Turkey, contagion of coronavirus

Turkey asks WHO if it is ready for a 2nd wave of the coronavirus

Turkey exceeds one million coronavirus tests, ranking 7th worldwide, and thanks to new treatments applied to patients, it has reduced the mortality rate to just 2.64%.

Turkey‘s Health Minister Fahrettin Koca has asked the World Health Organization (WHO) if it is prepared for a possible second wave of the coronavirus pandemic, a question that was put on the table during the weekly teleconference held on Thursday chaired by WHO Director Tedros Ghebreyesus.

Although those responsible for the WHO did not immediately respond to the question raised by the Turkish minister because the answers to all the questions raised by the attendees will be sent in writing later, Tedros did ask caution to the countries that have already started their plans of de-escalation.

During the conference call, Koca also informed participants from other countries about the efforts in the fight against the virus carried out by Turkey, which has already passed the million tests carried out (1,033,617 until Thursday), placing the Eurasian country in 7th place worldwide in terms of number of coronavirus tests performed.

In addition, Koca explained that treatments in Turkey -where the number of recovered patients is already close to 50,000- against COVID-19 disease are working, and that the number of new positive cases continues to drop. Turkey is also one of the countries with the lowest mortality rate in the world due to the coronavirus (only 2.64%, almost half that of Germany), with 3,174 confirmed deaths for 120,204 registered infections.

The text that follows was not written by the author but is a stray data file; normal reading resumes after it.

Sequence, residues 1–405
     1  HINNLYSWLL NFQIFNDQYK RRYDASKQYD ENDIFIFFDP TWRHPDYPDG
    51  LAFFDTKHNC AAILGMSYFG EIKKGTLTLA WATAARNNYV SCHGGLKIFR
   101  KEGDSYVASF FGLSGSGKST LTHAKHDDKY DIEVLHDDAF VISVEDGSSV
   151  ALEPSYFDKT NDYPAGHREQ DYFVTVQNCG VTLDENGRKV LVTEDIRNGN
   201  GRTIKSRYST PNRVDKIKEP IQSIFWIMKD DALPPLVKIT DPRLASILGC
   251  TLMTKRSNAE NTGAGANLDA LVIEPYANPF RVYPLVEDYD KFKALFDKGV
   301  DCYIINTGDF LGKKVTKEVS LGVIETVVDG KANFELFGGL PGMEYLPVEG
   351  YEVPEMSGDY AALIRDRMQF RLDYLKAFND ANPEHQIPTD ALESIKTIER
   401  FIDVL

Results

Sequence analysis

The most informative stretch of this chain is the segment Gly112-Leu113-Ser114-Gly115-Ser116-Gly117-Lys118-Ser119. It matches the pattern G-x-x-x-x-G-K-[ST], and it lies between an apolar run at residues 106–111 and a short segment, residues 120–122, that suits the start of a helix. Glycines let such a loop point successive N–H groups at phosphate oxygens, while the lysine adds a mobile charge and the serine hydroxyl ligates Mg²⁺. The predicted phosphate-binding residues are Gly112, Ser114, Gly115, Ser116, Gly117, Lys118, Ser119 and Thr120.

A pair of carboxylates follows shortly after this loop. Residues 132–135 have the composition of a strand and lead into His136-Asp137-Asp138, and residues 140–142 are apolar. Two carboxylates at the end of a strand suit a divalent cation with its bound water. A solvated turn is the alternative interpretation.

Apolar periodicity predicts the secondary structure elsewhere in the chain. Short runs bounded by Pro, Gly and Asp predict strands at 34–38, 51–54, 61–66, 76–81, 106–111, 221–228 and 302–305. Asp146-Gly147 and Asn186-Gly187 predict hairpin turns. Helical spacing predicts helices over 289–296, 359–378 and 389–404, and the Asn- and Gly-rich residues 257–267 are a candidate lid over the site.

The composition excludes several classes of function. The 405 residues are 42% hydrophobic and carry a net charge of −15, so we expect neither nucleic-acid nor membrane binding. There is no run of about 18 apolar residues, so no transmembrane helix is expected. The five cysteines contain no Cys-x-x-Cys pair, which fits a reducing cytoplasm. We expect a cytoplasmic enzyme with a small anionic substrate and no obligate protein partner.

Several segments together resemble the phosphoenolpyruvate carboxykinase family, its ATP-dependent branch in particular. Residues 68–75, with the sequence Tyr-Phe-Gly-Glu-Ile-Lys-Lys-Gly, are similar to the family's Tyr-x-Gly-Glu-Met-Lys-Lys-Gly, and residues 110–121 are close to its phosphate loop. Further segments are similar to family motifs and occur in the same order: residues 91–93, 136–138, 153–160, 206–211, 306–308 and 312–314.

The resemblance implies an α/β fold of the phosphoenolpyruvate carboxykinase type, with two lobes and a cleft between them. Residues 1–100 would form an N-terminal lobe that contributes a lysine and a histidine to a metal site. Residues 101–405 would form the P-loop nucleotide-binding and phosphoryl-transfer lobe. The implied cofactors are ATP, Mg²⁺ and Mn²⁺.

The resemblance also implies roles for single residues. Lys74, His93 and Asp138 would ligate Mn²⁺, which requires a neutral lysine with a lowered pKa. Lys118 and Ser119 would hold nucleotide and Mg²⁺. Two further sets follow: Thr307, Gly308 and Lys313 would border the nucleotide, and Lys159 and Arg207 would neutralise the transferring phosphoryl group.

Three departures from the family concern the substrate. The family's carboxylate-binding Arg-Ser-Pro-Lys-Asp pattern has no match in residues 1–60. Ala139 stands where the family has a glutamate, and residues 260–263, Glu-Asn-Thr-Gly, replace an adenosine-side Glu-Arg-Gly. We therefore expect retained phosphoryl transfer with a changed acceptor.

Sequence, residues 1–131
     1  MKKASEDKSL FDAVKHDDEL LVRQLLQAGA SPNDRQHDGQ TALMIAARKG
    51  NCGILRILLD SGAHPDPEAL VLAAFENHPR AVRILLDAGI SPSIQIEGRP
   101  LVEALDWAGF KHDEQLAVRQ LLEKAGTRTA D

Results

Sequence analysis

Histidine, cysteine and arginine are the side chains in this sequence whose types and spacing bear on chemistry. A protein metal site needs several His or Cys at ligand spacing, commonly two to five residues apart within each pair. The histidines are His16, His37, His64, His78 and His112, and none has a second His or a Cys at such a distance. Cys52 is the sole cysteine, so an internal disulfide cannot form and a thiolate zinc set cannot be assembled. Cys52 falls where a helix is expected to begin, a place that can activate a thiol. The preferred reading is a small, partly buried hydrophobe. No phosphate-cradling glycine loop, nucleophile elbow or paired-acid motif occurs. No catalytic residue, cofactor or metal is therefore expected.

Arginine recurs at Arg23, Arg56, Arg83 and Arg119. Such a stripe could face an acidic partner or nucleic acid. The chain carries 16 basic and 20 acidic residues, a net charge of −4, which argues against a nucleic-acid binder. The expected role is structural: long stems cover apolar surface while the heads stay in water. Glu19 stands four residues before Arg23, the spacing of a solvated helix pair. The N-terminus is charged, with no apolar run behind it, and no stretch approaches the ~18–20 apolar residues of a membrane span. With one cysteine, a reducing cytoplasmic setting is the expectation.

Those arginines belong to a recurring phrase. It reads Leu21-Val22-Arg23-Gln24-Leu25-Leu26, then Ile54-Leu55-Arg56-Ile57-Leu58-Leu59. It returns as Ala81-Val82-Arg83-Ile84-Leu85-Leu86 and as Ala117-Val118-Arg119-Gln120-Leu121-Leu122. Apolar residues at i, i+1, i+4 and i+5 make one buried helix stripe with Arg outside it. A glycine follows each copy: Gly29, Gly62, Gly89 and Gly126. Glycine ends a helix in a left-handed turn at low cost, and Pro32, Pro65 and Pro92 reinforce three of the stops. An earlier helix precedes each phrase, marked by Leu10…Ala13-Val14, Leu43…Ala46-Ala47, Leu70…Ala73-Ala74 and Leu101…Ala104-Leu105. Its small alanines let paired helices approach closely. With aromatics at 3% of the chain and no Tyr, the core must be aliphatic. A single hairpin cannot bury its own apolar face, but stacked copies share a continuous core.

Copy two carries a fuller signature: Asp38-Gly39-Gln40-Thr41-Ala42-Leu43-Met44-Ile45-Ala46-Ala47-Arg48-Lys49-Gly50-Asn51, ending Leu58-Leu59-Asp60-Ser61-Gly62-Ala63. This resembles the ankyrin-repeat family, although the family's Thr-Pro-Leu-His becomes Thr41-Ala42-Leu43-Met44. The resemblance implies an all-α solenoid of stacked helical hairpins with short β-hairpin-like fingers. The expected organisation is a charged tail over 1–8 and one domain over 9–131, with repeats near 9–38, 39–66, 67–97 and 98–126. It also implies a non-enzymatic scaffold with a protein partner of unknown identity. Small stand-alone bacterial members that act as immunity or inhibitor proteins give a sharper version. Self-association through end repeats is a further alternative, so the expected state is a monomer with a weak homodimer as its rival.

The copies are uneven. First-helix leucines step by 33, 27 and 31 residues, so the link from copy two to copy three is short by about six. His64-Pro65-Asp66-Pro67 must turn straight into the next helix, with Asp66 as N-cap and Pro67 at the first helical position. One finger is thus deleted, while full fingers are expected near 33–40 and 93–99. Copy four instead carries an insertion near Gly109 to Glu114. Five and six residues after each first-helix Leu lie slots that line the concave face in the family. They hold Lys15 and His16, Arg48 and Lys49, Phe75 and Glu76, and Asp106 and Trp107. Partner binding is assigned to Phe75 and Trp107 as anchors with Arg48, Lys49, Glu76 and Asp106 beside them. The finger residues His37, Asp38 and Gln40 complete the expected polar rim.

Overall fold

Alternative treatments in Turkey against COVID-19 work

Unlike in other countries -including Spain– in Turkey doctors do not advise those who have mild symptoms to stay at home, but rather ask them to go to hospitals for treatment, and they administer chloroquine -an antimalarial drug which has given good results- to suspected cases while waiting for the test results.

Another difference regarding the methodology used in Turkey for the treatment of the virus is that in addition to chloroquine, azithromycin -an antibiotic– is used during the early stages of treatment. Turkish doctors also administer another antiviral, Favipiravir, in the early stages, which has already been used in China with tubed patients.

Other treatments used in Turkey include pressurised oxygen therapy for patients with respiratory problems in the early stages of treatment, which has helped reduce deaths from respiratory failure. Finally, in cases of severe respiratory problems in Turkey, patients are laid face down on their beds, a simple method that has also been very effective and has been copied by other countries.

Thanks to these treatments during the early stages of the disease, the number of pneumonia cases among coronavirus patients in Turkey has dropped from 60% to 12%, and the mortality rate of patients in intensive care has fallen to 10 %, as explained by the minister, who indicated that the peak of the pandemic in Turkey was reached 30 days after registering the first contagion in mid-March.